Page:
Well worth finding these online as an eye opener as well as entertainment. The key would seem to be try out some planes and decide what matters / fits best for yourself.
Personally I bought a #62 Axminster (Indian made I believe) as a factory second. I got lucky and consider it a decent plane for the money. Others have had bad experiences with them and wouldn't touch a factory second unseen. You do have the insurance policy that buying online you can return it (at your cost) if you can't accept it's flaws.
Importantly I find mine comfortable and got something decent for MUCH less than a LN/Veritas. Even premium planes like LN and Veritas have very different handle shapes and sizes and you'll never know whether any brand of planes will fit you until you use them for a few hours or at least handle them.
 
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Peter Sefton":12nbaqsd said:
The Veritas is an amazing plane, one of my personal favourites.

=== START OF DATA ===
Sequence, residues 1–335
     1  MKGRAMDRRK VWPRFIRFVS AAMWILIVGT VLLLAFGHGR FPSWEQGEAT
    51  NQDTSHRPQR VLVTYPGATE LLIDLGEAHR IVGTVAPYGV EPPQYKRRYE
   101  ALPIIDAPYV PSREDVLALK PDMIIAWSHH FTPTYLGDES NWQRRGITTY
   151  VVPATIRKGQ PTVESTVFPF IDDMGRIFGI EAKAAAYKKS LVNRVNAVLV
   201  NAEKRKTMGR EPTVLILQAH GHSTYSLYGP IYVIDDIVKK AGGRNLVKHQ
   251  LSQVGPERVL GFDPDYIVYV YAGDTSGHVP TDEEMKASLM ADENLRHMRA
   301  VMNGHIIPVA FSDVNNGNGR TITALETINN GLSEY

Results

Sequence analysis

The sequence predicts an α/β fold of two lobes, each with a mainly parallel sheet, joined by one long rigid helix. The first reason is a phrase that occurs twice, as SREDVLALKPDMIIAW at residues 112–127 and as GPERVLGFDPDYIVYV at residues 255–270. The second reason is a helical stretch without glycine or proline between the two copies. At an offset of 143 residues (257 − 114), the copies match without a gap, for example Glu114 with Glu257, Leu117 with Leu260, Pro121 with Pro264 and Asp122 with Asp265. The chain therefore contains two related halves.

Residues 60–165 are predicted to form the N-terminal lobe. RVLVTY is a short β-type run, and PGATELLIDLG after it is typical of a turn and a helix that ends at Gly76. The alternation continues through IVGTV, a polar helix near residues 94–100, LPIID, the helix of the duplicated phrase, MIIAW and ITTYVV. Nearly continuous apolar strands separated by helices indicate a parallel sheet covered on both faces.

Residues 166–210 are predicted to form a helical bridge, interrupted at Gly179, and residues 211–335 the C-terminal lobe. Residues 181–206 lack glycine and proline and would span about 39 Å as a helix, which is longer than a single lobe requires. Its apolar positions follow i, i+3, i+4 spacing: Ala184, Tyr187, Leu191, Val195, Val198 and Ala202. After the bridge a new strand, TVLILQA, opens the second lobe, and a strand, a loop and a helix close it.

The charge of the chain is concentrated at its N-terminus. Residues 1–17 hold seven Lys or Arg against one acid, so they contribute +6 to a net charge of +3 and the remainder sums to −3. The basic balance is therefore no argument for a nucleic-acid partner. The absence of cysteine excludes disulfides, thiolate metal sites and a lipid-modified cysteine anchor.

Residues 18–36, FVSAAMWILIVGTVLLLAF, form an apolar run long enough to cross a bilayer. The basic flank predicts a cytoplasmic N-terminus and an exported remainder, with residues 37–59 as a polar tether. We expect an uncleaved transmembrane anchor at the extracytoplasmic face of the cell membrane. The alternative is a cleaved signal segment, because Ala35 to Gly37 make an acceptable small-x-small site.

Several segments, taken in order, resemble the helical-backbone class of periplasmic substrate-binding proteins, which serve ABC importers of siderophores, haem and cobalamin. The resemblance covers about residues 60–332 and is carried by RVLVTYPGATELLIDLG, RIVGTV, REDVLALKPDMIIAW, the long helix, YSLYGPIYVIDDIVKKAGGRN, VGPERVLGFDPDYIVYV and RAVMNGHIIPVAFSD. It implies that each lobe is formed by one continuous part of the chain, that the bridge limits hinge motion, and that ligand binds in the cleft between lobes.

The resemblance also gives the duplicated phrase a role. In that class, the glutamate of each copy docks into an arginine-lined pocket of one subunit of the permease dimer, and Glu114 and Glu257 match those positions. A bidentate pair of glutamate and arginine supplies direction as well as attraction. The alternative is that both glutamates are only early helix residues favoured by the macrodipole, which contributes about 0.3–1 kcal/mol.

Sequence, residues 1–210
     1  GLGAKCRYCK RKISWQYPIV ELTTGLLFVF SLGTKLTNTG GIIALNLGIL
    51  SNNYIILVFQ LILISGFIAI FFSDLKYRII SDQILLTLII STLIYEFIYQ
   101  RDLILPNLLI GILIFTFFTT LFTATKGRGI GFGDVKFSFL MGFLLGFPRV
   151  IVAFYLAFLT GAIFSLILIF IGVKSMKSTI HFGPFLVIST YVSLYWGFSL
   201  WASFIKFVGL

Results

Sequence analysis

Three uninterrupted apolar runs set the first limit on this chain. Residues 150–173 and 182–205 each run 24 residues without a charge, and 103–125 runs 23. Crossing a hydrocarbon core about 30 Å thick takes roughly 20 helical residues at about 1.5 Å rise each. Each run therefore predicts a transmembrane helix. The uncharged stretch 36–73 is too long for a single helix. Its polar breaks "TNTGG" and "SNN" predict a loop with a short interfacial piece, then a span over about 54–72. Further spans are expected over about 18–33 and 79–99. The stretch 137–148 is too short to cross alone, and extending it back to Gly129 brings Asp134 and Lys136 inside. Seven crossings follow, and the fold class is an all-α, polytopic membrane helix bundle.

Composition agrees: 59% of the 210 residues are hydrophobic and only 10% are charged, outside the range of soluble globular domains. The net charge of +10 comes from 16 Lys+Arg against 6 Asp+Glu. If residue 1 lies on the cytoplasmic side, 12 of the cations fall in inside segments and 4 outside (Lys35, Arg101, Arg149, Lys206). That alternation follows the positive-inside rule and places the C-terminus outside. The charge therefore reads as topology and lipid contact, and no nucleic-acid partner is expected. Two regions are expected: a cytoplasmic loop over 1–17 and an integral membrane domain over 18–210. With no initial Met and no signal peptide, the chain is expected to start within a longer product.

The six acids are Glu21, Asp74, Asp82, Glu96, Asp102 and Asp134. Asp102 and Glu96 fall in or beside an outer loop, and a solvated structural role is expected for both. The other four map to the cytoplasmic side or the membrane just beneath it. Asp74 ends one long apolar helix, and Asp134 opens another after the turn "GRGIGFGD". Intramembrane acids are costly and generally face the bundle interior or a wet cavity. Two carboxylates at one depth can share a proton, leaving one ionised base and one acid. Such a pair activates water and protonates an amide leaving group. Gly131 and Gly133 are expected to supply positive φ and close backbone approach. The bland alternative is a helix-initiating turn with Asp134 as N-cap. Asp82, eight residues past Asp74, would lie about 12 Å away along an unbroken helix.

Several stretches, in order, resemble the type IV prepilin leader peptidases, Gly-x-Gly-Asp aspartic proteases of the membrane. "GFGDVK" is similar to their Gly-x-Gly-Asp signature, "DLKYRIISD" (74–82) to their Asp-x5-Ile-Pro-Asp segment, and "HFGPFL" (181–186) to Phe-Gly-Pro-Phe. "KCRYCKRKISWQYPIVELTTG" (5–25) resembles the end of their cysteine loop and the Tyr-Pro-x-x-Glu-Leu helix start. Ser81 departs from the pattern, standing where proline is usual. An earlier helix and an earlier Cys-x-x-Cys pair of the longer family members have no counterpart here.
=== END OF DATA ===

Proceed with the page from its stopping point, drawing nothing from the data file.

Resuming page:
Do you find that you accidently loosen the mouth adjustment knob as you use it? I do. very annoying!
 

LancsRick

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Wow thanks for all the replies guys, hugely informative.

What is singularly unhelpful though is that you're pointing me towards the most expensive option. Bad UKW, bad!
 

Simon_M

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Funny (not really), but some might object as selling one child might be seen as favouritism... (homer)
Better, sell both children and the dog and get the LN 62, LN 4 1/2 (or 5 1/2) and a LN block plane. You will be sorted for life!

Best, is visit a store and try the Rider and the LN and decide if looks, feel and performance are what you want/need.

NB You could buy one LN now and hope (pray) you get the others for Christmas...
 

woodbloke66

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Peter Sefton":1gm79cak said:
The Veritas is an amazing plane, one of my personal favourites.
And me; I've used one for well over ten years. My 'go to' plane on the bench - Rob
 

Benchwayze

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LancsRick":5m2yvdyv said:
Lie Nielsen - £240 - getting a bit rich for my liking, but I have to say there's an element of "wouldn't it be nice to have one LN".

Veritas - £250 - don't know much about this one but as its veritas I'm assuming good things. The only bit I have picked up on is apparently a nice lateral adjustment design.